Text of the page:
Dancing Electrons Telling Material Stories
Higher Research Scientist
National Physical Laboratory, NPL(UK)
Please explain your research in simple words
I use electron microscopy to look at the micro-scale crystal structure of materials, and specialise in developing electron diffraction techniques.
Put simply, I make electrons dance in formation by firing them at a material I want to study. I then interpret photos of the dancing electrons to tell life stories of materials used in aeroplanes, drills, and computers.
Sunday - Introduction: Materials, microscopes and me
Monday - Work: My job at the National Physical Laboratory, and how I got here
Tuesday - Research: Dancing electrons, colourful pictures, and the science behind it
Wednesday - STEM Outreach: Beyond the occasional school visit?
Thursday - Mental health: Doing research when my brain has a mind of its own
Friday - Faith: How being both Christian and a scientist affects my research
Saturday - You: Wise people on twitter I've learnt lots from.
#AskMeAnything from 6-6:30pm (BST) each weekday evening!
What can the followers expect in your curation week?
How did you end up in your current research field?
I wanted to be a scientist when I was 6 years old because they invented stuff. My background is in Materials Science; my PhD research used Electron Backscratter Diffraction to study zirconium alloys used in nuclear reactors. Now, I work at the National Physical Laboratory (www.npl.co.uk), developing new methods to interpret microscopy data to tell us useful things about materials.
I characterise and manipulate the micro- and nano-scale structure of engineering materials to make them stronger, better and last longer.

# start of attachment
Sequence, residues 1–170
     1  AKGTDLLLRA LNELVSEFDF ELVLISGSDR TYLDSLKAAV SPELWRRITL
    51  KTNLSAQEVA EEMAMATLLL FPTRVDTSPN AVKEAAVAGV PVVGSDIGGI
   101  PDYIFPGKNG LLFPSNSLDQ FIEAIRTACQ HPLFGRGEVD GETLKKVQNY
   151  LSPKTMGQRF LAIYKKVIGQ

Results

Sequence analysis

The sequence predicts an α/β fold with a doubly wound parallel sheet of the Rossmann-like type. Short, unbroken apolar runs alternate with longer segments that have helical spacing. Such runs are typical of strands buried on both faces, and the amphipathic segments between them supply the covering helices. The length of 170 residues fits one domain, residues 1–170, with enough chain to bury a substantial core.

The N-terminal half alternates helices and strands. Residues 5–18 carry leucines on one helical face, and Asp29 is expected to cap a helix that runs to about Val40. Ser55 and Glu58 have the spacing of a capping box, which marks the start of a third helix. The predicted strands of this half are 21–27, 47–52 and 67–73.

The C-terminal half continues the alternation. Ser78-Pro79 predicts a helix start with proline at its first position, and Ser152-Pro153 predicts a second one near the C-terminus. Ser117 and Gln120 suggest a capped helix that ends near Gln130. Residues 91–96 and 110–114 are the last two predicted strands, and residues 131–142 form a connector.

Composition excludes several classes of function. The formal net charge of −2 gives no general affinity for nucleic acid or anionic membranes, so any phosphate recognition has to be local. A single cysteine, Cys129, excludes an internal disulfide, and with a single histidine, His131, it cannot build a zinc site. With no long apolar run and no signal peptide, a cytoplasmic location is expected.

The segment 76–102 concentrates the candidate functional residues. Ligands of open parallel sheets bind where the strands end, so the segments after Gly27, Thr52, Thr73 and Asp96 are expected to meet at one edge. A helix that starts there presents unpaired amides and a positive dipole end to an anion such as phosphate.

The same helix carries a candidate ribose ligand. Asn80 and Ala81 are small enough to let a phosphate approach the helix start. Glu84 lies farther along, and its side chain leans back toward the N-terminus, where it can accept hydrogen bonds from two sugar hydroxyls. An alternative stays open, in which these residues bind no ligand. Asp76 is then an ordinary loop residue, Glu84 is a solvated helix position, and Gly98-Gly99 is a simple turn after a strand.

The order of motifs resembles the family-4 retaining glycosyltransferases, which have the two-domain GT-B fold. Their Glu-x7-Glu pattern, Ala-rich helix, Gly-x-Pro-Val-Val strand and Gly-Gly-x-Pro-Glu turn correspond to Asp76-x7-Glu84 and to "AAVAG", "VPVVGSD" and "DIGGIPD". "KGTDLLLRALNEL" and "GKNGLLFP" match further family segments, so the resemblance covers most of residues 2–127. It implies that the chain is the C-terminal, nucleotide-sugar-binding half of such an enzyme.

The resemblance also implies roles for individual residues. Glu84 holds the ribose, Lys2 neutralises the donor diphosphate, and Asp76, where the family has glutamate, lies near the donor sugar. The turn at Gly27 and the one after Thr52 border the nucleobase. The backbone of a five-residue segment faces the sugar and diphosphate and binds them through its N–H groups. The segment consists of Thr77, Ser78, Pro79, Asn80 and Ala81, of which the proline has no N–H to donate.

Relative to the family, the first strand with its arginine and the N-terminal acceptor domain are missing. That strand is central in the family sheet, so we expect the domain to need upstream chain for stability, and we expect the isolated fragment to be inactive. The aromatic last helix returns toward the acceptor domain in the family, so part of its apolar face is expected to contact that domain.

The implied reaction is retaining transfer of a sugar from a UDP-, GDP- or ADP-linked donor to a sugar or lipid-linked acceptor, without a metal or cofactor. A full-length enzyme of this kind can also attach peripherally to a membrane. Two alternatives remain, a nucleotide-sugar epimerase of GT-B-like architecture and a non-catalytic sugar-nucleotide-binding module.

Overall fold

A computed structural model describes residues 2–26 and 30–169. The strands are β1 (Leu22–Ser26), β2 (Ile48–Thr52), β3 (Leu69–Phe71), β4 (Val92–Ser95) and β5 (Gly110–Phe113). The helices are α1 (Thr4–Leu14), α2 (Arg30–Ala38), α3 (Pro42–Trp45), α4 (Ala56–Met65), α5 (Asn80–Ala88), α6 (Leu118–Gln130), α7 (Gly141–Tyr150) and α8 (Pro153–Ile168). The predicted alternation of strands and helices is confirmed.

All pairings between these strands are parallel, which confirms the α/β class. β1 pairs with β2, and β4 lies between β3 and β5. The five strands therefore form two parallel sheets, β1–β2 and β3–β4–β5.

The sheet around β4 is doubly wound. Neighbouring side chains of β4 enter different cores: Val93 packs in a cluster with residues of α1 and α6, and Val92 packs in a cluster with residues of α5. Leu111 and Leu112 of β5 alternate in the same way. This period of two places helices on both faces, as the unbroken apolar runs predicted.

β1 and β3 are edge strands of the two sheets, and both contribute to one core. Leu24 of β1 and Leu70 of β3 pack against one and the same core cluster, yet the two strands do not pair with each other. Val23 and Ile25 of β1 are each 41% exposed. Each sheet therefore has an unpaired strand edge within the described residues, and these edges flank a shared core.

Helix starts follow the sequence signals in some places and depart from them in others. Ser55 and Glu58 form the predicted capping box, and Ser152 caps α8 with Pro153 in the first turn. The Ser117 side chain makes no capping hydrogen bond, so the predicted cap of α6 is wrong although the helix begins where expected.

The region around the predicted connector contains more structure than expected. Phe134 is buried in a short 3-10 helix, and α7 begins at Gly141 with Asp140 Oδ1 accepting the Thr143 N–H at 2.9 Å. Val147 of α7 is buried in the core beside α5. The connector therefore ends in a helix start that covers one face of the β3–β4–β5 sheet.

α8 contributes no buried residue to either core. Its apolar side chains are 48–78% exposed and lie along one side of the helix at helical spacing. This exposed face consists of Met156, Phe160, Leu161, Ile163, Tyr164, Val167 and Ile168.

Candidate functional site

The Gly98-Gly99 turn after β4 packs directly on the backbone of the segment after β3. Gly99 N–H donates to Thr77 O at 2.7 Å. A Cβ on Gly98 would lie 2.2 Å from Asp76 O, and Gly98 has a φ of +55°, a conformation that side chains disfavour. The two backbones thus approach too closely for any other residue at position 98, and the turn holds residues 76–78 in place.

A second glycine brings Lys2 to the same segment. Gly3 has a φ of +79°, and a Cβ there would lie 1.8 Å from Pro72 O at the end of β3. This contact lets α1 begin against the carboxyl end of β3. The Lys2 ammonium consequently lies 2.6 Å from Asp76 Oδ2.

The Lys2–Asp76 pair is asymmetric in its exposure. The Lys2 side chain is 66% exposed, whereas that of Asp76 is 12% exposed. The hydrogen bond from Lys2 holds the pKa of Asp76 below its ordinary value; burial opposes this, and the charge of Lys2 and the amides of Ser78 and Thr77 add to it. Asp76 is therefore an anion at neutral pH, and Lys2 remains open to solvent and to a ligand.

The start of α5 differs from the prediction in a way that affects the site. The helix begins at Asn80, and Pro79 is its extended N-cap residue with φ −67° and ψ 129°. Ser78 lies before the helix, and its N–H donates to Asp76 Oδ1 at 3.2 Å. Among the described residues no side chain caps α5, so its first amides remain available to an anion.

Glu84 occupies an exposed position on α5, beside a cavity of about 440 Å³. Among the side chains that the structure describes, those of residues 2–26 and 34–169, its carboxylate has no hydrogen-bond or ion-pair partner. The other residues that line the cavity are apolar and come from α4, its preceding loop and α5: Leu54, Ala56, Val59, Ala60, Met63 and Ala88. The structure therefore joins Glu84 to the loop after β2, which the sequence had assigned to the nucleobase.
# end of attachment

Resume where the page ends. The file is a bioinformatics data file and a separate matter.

How and where does your research fall in the domain of materials/nano science?
Which research project are you most proud of and could you explain it in simple words in the section we call #InOtherwords?
Zirconium is a metal used in nuclear reactors, where the fuel is contained in long, thin-walled zirconium tubes. On the micro-scale, zirconium is made of small crystals packed together called grains. Grains are usually about 0.01 mm in diameter, but sometimes, maybe near a weld, a grain will start engulfing the grains around it, and grow to > 50 times its original size! Big grains tend to be weak spots, so we want to avoid unexpectedly big grains hanging around in zirconium tubes.
The project I did was to find out how these big grains form, so that nuclear engineers can make sure that they don't accidentally form when making tubes for nuclear reactors, or grow as the reactor is operating.
Read more here: https://doi.org/10.1016/j.actamat.2017.03.002 [open access].
1. Open access journal preprints or publications to become standard practice!
2. More accessible research grant/fellowship application processes, e.g. through multi-stage shortlisting+application processes, so that applicants don't spend hundreds of hours writing an application with a ~10 % success rate.
3. For early career researchers to have increased exposure to non-academic research career paths, beyond 'so-and-so went into industry'.
If you had 3 wishes to improve your research experience, what would you ask for (not promising anything here!)?
What are you most looking forward to in the next 3 months?
Right now, many non-critical workers in the UK are working from home due to the COVID-19 pandemic. I'm looking forward to getting back into the lab when the pandemic is over!
Data analysis methods that are more than just a pretty picture!
The technique I've helped develop, electron backscatter diffraction, can capture detailed information about all kinds of material properties, but it's most famous for producing colourful micrographs. Finding ways to extract and visualise this detailed information is one of the big challenges in this field!